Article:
Is it possible in the year of our Lord 2012 that leadership still isn't well understood? In 2012, despite business journalism’s fetishization of Steve Jobs, the most successful leader ever, whose apotheosis was Walter Isaacson’s doorstop, Steve Jobs, a biography of the half-Syrian, bearded man who built the world’s most valuable company, brick by brick, and found himself, like an earlier CEO of sorts, with legions of devoted apostles, some powerful enemies, and an inextinguishable legend? Is it possible, despite the endless streams of management self-help articles burbling out of Fast Company, Inc., Harvard Business Review, Businessweek, Fortune and the blogs of droves of self-appointed leadership gurus, we need more advice? And is it possible despite the emails – so many emails, Jesus wept – those emails that aggregate all this content using algorithms and intern labor, and slice it up so that the middle manager in Minnesota and the lawyer in Los Angeles and the new media marketer in New York are all .0058% more likely to click through to a relevant article? Is it possible, really possible, the answer to our prayers is another book on leadership?
It is, thinks Clay Christensen. Business folks – the unquenchable consumers of all that content – have been taking the paradoxes of leadership, because they are so familiar, for granted. When they do this, they ruin their companies and then they ruin their lives. Like that subway step everyone tripped over for years without noticing, they take for granted that the well-worn grooves on our society’s pathways are the right ones to be in. They don’t watch the road to see when a turn they are on is about to become rutted, or when they might hit mud and tip over. They feel, like the pioneers, safe in a wagon train, but then something goes wrong, and they are very alone, very fast. They need the wisdom of a pioneer who has crossed the valley, and studied the path.
Paradox one: Leading is usually about getting people to go someplace difficult and new, even if (or precisely because) they’re perfectly comfortable and prosperous where they are right now.
Paradox two: A leader can’t just motivate people to change, she has to persuade them to actually take the journey, and care about its success or failure.
Paradox three: Even if a leader succeeds, there’s no guarantee she will get any credit, or gratitude for the services rendered. Except for the millions of dollars in compensation some business leaders make, the magazine cover stories and books written about them, the hobnobbing with President Obama, being a leader can be the most thankless of tasks. Of course, if you do it wrong, you get shown the door.
Still. Celebrity, money, power – hard to shed a tear, it’s true. But pay attention, for a moment, before we get to the personal, to the failures of business leadership. The landscape is littered with the carrion of companies that blew it; high fliers that flamed out. If leadership can be occasionally rewarding, it is far more often the case that business leaders, even ones who have been coronated by adoring customers and media, end up, over the long haul, stumbling and failing. To put it in more fruitful terms: For every Apple, there is a Blackberry.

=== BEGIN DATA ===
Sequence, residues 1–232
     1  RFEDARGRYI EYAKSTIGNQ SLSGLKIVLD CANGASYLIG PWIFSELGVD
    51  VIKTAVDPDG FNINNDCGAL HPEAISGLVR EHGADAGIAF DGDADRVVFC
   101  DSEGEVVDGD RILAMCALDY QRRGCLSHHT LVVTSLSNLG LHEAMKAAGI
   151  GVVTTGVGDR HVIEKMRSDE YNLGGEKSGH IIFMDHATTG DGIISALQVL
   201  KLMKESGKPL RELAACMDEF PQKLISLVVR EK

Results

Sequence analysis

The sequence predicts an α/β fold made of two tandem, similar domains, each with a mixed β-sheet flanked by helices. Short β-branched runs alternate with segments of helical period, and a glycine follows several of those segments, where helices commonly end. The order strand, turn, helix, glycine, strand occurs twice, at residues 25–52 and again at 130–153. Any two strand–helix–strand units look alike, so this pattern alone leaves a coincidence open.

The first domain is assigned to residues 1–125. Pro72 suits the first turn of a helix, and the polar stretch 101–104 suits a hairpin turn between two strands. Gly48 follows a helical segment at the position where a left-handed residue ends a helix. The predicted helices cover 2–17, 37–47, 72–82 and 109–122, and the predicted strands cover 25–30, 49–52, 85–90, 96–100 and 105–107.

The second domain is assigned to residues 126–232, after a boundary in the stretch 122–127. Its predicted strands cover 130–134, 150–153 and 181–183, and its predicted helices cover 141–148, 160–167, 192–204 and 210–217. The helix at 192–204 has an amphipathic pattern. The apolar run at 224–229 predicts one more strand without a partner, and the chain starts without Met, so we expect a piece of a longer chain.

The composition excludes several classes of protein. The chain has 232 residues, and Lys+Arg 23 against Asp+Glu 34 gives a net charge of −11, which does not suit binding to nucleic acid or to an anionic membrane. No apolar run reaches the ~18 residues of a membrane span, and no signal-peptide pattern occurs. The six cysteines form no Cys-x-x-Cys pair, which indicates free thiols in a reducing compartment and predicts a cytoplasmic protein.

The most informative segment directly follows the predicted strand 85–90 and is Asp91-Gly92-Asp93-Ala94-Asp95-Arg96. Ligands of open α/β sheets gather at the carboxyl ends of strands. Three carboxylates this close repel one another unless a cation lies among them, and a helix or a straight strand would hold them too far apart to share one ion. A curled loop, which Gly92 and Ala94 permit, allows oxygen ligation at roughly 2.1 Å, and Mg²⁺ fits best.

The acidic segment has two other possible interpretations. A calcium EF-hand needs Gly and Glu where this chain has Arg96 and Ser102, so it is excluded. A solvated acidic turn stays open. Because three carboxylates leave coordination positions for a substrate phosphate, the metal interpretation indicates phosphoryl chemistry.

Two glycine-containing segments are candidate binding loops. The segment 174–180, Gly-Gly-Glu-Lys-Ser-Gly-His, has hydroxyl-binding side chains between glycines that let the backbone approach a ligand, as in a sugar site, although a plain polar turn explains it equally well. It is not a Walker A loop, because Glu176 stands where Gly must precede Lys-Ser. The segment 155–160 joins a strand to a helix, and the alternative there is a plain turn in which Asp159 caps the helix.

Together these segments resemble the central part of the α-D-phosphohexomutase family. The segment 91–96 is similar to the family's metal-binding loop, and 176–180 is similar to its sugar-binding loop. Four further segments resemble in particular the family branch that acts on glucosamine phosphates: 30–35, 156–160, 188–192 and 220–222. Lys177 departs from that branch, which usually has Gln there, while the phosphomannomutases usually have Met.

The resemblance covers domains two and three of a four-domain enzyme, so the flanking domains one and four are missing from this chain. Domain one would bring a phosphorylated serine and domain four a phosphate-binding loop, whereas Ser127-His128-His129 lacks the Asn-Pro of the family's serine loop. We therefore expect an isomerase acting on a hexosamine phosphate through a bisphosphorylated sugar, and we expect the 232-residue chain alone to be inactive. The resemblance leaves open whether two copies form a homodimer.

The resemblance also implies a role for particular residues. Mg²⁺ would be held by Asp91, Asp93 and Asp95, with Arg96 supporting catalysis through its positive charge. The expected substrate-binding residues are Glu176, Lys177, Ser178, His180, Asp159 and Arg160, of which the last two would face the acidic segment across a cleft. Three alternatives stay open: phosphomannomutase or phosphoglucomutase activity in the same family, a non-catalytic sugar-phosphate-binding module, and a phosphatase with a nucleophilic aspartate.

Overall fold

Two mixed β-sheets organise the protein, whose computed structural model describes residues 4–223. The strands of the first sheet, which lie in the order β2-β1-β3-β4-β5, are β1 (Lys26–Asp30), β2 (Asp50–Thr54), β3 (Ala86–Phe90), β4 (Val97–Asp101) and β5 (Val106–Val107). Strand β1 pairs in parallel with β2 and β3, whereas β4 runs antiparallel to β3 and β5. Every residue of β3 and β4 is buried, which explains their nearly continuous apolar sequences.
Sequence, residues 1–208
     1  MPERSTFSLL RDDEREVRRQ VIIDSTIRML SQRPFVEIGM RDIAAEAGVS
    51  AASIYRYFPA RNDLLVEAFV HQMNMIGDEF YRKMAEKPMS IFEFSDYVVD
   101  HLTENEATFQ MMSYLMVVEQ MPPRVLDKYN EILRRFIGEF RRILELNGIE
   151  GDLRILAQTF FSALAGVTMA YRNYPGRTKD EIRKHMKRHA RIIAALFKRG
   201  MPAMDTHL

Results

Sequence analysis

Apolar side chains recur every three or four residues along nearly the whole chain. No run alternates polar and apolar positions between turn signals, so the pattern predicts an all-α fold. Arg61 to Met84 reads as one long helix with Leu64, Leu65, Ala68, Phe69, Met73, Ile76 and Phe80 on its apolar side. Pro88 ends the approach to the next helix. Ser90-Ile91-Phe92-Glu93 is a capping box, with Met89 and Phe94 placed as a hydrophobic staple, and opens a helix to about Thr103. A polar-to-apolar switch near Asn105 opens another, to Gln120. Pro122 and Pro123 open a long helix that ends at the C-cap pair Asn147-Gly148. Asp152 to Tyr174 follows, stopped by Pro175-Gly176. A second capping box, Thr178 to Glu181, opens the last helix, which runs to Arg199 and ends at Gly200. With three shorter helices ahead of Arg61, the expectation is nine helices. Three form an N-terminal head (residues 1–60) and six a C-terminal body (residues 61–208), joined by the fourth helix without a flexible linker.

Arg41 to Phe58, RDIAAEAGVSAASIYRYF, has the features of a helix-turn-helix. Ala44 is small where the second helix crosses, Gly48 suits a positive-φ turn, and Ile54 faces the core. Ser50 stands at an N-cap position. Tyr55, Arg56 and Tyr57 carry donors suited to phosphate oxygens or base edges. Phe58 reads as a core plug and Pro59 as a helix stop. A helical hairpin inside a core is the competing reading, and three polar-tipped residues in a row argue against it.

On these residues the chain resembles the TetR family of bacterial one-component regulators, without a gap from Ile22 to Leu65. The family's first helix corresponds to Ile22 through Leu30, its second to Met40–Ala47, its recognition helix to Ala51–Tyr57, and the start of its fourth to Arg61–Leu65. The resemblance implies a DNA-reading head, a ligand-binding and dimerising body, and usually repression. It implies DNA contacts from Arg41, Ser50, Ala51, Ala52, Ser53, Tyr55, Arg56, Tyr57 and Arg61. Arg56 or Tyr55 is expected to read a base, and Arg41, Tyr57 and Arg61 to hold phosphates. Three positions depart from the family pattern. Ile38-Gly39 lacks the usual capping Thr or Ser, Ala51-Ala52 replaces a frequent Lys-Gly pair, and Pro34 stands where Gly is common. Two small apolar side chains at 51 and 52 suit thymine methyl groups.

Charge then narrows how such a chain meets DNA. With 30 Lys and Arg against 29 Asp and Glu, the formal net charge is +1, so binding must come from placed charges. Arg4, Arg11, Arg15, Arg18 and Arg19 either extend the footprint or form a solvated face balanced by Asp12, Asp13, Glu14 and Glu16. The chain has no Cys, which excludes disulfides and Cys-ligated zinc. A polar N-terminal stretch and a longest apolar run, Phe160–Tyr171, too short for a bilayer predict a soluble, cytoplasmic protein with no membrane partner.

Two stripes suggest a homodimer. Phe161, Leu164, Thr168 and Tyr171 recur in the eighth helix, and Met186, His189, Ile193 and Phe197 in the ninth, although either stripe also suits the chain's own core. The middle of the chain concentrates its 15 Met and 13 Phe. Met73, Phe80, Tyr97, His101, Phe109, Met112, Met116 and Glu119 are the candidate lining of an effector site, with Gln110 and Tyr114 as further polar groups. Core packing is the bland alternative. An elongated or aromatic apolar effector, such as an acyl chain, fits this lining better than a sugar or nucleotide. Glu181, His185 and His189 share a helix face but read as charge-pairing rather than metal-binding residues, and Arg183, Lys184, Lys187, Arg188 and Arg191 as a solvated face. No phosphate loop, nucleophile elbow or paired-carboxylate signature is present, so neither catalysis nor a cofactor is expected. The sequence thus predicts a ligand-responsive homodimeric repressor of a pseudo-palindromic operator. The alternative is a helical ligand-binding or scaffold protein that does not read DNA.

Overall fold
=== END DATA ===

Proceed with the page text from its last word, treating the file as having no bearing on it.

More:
Yet to Christensen, Harvard Business School professor, consultant, investor, onetime failed CEO, the problems of leadership are not inscrutable. They are very scrutable. They just have to be worked through a sound theory. Christensen, 60, is most famously the author of business school bible The Innovator’s Dilemma, a 1997 tract that grew out of his HBS doctoral thesis, about the disk drive industry. His work has appeared in or been the subject of scores of articles in all the above-named publications, but there is something different about it. It’s a something that grants him the ear and attention of some of the world’s most powerful CEOs. Christensen excels at delivering to them a very special kind of bad news, which would be unwelcome but for his steady, deep tone, gentle nature, and unshakeable conviction that his findings offer a path to corporate salvation, no matter how fraught it is with trials and temptation. Christensen tells his chosen people that if they want to survive they must lead, and they have to have faith in the theory that shows the way. He tells them that the moment of greatest danger comes when they stand at the pinnacle of their industry. Upstarts are coming for their customers. Soon, they’ll be broke. His theories are familiar to business journalism junkies, startup founders, and those powerful CEOs. Venture capitalists and startup founders in Silicon Valley and beyond have found religion in the concept of disruptive innovation that he refined.
Using spare black and white charts, which are his favorite visualization tools, Christensen shows how well-managed, profitable companies can become abject failures in a breathtakingly short time by doing all the right things: They refine their existing products to be better and better. They cater to their best, biggest customers. And they try to grow their profit margins with every passing quarter. But it turns out the path they’re on is something like C.S. Lewis’s gently sloping road to Hell. Christensen sees Bethlehem Steel go bankrupt just a couple years after a glowing Wall Street Journal profile about its genius CEO. He sees the second largest computer company in the world, DEC in the 1970’s, reduced to irrelevance in less than a decade. He observes the tragi-comic rise and fall of Enron. And he studies those disk drive companies, which he calls the “fruit flies” of the technology industry, as they are born, evolve, succeed, and die by the dozen, in no time at all. What the loser companies and many others all missed was, he believes, the impact of disruptive technologies on their business.